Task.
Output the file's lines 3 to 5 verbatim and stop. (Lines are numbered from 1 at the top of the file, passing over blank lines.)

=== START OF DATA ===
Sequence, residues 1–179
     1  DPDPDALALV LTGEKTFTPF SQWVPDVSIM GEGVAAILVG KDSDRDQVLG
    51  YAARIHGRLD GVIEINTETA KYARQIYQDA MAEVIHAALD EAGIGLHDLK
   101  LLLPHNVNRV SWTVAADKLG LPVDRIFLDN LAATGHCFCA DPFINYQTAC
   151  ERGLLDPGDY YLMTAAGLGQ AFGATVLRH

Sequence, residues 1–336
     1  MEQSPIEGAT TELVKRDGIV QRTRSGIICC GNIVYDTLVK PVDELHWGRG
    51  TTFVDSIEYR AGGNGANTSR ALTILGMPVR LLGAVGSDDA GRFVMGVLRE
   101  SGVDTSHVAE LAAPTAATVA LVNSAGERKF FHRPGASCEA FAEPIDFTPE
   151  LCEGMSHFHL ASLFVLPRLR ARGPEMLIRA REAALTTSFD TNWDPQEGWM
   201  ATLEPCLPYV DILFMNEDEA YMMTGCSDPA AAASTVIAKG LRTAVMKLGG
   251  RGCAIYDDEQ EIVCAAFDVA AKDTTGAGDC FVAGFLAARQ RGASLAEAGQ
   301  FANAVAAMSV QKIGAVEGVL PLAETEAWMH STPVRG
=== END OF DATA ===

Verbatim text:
    51  YAARIHGRLD GVIEINTETA KYARQIYQDA MAEVIHAALD EAGIGLHDLK
   101  LLLPHNVNRV SWTVAADKLG LPVDRIFLDN LAATGHCFCA DPFINYQTAC
   151  ERGLLDPGDY YLMTAAGLGQ AFGATVLRH